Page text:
I bought the plumbing to connect multiple water tanks many months ago already. I had it all planned out ahead of time. I have PVC quick disconnects with valves so that I can remove a tank from the system on the go without disrupting the water supply to the tiny house on wheels. Each tank will have its own valve and quick disconnect. The only problem was that I did not have a fitting for the large 275 gallon IBC totes. I had ordered some “universal fit” ones off amazon a while back but after paying it showed that it was coming from China. After a month of waiting impatiently, I received them only to discover that they did not fit anything I have at all.
So I waited and put the project back on hold again.
Someone in the comments on YouTube suggested that I get a Gator Lock fitting from TSC to fit my 275 gallon IBC totes. They told me to ignore the threads on the fitting and just put the Gator Lock right over the top of them and lock it on and it will work. So I immediately ran out to TSC and picked up one. It fits! Now I can finally finish the plumbing on my off grid rain water system for the tiny house on wheels.
Now all I have to do is to lay out the plumbing in place, cut the PVC pipes to fit between the totes and glue it all together.
I connected all the fittings that go from the IBC tote to the PVC lines. There are multiple pieces that have to go together in order to reduce the Gator Lock down to a one inch PVC pipe but it will be worth it in the end. I used teflon tape on all the threads before hand tightening them all together.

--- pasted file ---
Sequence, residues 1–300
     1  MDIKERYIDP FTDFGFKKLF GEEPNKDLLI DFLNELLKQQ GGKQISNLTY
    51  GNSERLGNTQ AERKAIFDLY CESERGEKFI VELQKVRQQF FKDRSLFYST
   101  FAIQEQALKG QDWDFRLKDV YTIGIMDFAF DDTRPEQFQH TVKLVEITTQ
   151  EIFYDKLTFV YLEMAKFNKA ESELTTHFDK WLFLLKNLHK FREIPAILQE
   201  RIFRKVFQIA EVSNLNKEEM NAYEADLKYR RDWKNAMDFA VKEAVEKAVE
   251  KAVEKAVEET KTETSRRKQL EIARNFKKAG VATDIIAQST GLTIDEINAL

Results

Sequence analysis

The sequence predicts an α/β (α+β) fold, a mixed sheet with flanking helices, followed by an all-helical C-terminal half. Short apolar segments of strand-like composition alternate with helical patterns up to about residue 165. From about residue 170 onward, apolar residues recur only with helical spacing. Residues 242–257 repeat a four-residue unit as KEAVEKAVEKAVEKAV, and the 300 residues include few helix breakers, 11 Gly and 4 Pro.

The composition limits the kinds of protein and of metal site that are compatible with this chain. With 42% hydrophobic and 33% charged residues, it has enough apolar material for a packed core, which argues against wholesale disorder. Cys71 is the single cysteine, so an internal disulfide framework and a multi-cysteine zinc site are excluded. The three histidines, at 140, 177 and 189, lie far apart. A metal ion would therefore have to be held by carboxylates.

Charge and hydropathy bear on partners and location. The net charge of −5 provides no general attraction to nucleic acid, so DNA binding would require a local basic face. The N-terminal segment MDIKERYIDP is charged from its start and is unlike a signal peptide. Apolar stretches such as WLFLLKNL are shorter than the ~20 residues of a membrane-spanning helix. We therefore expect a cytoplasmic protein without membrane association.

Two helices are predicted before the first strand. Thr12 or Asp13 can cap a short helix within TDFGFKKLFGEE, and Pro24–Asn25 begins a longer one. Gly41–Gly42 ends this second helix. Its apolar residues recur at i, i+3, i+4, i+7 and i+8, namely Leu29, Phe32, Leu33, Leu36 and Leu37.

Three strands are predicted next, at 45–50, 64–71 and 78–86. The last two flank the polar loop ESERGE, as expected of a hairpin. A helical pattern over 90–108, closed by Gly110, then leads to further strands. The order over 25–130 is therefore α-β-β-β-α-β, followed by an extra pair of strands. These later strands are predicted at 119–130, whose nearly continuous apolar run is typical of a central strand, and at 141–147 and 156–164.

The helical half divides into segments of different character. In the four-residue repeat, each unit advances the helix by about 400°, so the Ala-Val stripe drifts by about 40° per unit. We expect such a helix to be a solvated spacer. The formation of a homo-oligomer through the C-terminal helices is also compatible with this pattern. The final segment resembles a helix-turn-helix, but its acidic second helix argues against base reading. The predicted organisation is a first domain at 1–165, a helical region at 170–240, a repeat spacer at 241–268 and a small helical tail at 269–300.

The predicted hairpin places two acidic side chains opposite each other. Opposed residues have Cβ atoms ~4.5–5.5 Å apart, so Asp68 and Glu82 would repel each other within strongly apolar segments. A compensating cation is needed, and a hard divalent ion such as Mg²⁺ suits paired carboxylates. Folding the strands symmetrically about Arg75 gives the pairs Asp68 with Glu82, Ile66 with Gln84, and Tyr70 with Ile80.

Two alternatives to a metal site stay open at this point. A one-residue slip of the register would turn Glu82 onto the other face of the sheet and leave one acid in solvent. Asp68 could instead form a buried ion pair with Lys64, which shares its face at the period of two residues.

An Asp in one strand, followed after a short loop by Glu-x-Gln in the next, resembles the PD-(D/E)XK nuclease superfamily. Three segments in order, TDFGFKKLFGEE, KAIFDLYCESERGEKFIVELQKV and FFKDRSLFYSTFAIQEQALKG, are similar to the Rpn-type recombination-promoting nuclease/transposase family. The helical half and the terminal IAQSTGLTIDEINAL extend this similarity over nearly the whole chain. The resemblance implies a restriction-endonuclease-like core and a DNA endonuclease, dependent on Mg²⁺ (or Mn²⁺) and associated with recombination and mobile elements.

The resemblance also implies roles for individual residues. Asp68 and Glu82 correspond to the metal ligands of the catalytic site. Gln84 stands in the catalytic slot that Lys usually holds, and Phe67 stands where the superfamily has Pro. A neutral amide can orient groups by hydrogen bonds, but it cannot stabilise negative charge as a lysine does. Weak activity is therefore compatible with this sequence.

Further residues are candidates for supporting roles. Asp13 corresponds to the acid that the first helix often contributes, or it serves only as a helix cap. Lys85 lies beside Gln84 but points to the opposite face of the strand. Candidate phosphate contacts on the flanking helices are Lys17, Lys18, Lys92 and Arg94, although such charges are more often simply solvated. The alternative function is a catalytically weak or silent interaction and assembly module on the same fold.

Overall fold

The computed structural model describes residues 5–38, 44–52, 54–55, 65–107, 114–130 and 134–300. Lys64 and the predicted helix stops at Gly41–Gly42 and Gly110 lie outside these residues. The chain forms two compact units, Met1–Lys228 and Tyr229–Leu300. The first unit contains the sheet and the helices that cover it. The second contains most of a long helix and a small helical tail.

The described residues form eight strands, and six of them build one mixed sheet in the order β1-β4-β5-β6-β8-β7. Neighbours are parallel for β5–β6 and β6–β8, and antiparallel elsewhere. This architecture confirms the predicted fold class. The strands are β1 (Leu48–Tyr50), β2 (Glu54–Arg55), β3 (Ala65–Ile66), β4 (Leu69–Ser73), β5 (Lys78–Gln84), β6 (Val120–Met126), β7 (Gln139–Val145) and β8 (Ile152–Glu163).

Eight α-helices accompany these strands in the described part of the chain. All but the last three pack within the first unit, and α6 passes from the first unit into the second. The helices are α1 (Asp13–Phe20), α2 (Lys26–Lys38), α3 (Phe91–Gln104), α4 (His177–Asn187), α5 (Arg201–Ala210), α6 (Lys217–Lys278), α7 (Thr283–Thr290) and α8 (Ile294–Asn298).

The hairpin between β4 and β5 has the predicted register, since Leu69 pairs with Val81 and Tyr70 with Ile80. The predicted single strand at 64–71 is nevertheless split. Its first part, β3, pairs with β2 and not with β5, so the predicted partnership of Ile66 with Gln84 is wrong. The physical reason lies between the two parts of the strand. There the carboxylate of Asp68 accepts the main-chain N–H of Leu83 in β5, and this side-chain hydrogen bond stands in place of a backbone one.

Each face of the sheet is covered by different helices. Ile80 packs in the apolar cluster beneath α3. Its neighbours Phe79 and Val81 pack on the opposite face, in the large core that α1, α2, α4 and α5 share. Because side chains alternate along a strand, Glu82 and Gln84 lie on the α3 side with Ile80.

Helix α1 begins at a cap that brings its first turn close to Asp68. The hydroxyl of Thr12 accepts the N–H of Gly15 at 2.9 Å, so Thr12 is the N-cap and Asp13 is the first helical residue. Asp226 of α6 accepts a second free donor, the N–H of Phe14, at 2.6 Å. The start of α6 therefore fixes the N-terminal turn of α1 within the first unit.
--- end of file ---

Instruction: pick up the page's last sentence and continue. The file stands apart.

Next I cut the PVC pipes to fit inside all the connectors, valves and fittings to try it all on for size. I am dry fitting it all together first to make sure I get it all right before I begin to tighten or glue anything.
Watch the full video of today’s work here: Connected Wind Turbine & Plumbing Rain Water System
While you are over there please subscribe to my YouTube channel and follow our daily videos as we strive to become self sufficient and off the grid on a budget.
It was raining so we did not get much video recorded but Chris and I were working in the garden and cleaning up the homestead. Melanie and I were beautifying the off grid tiny house inside by hanging up prints and paintings. In the afternoon we got a huge truck load of small engines and equipment for next to nothing.
Chris and I fixed the garden gazebo by using better lumber and stronger screws. This had been blown over in the wind recently so it had to be repaired. We get some very strong winds out here at the off grid homestead.
Chris has been cleaning up over in the side yard by the wood shop tent. We hope to move the motor home over there and use it as a wood shop and then use the tent for wood storage. The camper will then be a small engine shop. I often repair small engines. Which leads me to the next deal.